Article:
Mining in Latin America is having harmful effects not only on the environment but for many of the people who live in nearby communities and their livestock. Three women from Latin America sit nervously and look exhausted in the Amnesty International headquarters. They are about to address an anxious crowd of twenty people, amongst whom are journalists and representatives from various organisations. The women from Peru, Venezuela and Guatemala spoke out about the effects mining has had on them and their countries, as they come to the close of a two-week European tour to publicise their cause.
Margarita Anchiraica (Peru)
Margarita lives in Glorieta de Mayoc, a village 80km east of Lima and her problems first began in 1998, when a mining company began digging near her community. First reactions were positive and the community supported the mine. But things took a turn for the worse when the mining site turned into a dump.
Margarita felt lied to and cheated. She said, “the mining company covered the area with yellow dust, which has harmed my lungs and kidneys. All the children got covered in rashes and had stomach aches. The livestock too were harmed. Everything went to hell.”
From this moment, Margarita began her battle against the company, the government and her community. Her community have shunned her and accused her of being against them and the mining company.
In 2003, she made a formal complaint to the Human Rights Commission of American States and it was upheld. Her complaint will take a further ten years to be resolved. Subsequently, in 2006 the mining firm was bought by a Canadian company, who are continuing to work the site illegally. Work came to an abrupt halt in 2008 due to instability but then began again in 2009.
Margarita said “the years go by and I achieve nothing. We need to save our planet.” She will continue to pursue the company so that she and her community get compensation.
Maria Eliza Orozco (Guatemala)
Maria has had a similar battle against mining and hydroelectric projects in her village in Guatemala. She rejects the intrusion of mining companies onto their land and into their community, as she believes they are “responsible for suppressing our struggle and being concerned only for the welfare of the company.”
“So what are they mining for? It’s all for gold and silver”. Maria pleads with the audience “to please stop buying gold.” If the global demand for gold decreases, then its value also will decrease, reducing the level of viable mining to the minimum.
In Guatemala there is an official process to request a licence to mine, but many firms have already started up illegally.
The arrival of a new president, President Otto Perez Molina in 2011, will not help, Maria believes: “He is a military man ready to strike against any struggle. The mining licence goes hand in hand with the military presence.”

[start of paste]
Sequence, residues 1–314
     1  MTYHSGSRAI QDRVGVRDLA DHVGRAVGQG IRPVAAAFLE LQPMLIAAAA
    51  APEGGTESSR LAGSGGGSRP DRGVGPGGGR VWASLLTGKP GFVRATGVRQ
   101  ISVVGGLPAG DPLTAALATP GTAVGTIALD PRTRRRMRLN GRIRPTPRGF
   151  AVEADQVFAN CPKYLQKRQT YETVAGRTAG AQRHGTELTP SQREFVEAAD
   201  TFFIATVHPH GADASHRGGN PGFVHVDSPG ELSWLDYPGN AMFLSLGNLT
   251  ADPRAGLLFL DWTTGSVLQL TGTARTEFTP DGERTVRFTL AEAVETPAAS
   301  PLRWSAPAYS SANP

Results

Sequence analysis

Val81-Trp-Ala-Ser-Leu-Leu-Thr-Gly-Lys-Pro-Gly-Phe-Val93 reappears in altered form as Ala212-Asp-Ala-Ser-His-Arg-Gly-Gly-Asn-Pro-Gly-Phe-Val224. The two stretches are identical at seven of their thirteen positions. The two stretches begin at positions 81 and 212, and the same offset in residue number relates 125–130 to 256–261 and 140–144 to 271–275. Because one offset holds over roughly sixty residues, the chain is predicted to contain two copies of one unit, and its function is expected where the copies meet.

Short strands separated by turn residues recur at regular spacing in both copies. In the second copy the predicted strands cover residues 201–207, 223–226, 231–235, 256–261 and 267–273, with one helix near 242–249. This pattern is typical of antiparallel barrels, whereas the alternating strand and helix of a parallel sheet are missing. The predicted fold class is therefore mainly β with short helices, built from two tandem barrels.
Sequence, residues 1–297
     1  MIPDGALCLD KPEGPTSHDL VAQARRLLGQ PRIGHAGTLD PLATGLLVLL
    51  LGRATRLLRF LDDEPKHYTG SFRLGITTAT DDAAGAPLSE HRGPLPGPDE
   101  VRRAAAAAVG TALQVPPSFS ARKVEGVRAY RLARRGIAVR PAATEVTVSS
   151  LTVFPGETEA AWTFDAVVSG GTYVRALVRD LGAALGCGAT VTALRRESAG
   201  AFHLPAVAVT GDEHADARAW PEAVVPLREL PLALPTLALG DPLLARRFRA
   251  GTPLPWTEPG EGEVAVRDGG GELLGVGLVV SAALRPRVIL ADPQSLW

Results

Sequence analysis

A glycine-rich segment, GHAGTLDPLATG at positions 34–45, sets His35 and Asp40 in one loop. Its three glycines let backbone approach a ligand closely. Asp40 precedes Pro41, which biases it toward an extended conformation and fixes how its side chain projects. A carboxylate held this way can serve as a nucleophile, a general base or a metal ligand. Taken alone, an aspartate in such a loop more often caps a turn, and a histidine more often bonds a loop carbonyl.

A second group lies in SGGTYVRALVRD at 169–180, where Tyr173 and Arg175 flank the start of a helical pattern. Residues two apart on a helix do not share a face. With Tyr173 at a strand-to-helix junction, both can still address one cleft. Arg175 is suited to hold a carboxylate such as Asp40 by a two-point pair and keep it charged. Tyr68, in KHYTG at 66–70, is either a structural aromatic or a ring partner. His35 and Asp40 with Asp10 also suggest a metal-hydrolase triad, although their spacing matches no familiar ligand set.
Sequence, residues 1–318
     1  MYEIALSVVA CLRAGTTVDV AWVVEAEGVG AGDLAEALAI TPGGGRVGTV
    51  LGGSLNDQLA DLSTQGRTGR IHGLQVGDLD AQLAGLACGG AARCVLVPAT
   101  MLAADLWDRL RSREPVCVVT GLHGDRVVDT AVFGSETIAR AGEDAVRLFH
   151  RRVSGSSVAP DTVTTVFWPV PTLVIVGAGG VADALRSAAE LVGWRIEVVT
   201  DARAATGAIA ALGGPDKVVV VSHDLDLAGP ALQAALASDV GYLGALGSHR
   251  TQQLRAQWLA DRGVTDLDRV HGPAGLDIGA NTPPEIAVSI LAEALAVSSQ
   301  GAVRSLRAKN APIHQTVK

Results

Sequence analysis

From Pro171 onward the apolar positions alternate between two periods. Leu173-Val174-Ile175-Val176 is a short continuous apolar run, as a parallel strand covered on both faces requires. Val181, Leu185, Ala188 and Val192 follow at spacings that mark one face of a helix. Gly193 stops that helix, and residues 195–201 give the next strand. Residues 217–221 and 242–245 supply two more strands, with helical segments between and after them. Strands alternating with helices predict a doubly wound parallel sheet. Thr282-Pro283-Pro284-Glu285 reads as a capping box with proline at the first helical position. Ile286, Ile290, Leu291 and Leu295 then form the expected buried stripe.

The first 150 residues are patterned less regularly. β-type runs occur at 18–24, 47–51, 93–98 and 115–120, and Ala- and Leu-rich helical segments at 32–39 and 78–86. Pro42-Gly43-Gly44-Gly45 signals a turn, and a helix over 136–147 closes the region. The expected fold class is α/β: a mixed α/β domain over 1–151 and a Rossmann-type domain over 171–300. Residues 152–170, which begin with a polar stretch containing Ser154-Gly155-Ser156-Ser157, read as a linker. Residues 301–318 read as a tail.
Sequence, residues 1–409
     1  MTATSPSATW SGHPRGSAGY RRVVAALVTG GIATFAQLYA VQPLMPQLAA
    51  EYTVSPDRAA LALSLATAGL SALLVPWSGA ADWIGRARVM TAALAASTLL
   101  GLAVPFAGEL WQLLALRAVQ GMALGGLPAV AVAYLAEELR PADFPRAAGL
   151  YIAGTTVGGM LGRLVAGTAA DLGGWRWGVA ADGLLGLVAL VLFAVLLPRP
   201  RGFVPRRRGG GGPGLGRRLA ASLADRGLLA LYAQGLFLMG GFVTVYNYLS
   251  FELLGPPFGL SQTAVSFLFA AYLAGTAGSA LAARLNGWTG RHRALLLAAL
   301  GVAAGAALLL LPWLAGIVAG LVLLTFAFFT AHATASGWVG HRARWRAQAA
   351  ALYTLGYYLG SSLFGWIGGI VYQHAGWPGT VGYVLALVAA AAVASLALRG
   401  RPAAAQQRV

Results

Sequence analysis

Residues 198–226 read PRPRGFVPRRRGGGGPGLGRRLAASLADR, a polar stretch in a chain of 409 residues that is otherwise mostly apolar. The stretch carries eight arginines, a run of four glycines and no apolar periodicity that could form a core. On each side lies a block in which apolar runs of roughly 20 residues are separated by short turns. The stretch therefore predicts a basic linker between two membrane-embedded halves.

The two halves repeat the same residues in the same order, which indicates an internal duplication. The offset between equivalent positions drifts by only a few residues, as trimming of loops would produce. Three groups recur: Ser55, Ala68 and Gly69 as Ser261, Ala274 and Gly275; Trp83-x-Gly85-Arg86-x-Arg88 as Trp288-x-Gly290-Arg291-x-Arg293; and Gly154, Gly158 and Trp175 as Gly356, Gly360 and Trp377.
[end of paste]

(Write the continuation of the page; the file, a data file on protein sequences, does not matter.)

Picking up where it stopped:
What does Maria hope to achieve for Guatemala? She believes that the people need to strengthen their own capacity, which in turn will help them to hold more non-violent protests and avoid any conflicts.
She also wants amendments to be made to the mining legislation, so that there is more regulation.
Zenaida Romero (Venezuela)
Zenaida has a passion for public speaking, which can be seen by the ease with which she uses the microphone. She speaks with natural fluency, as she makes her mark on the audience.
Zenaida describes the coal mining affecting her people, the Yukpa people, and the indigenous communities.
The mining is supported by the Venezuelan president Hugo Chavez, whose government plans to increase coal mining in Zaila. There is a lot of political discourse and tension here: In the past Chavez spoke out often on Venezuelan television against illegal mining and of being for his people, but Zenaida doesn’t trust him. She believes he has personal interests linked to financial gain. It has now been 4 years since Chavez last spoke to Venezuela about the mining issues: “I think this is a president who likes to talk, but I want to remind him of his promises.”
Zenaida was unaware of the similar issues and struggles present in many Latin American countries. In the course of her European tour she has found “solidarity, because women are the defenders of human rights.”
Zeanida is the leader within her community and she plans on organising a campaign so that their rights can be upheld: “We don’t want mining contamination.”
These women are great fighters for human rights and for their beliefs and communities. They will not stop until they get justice and their tenacity is admirable. With little or no political backing from anyone nationally or internationally, they are striving to make their mark. Their European tour will give them an international voice. Let’s hope their campaign for change is successful.
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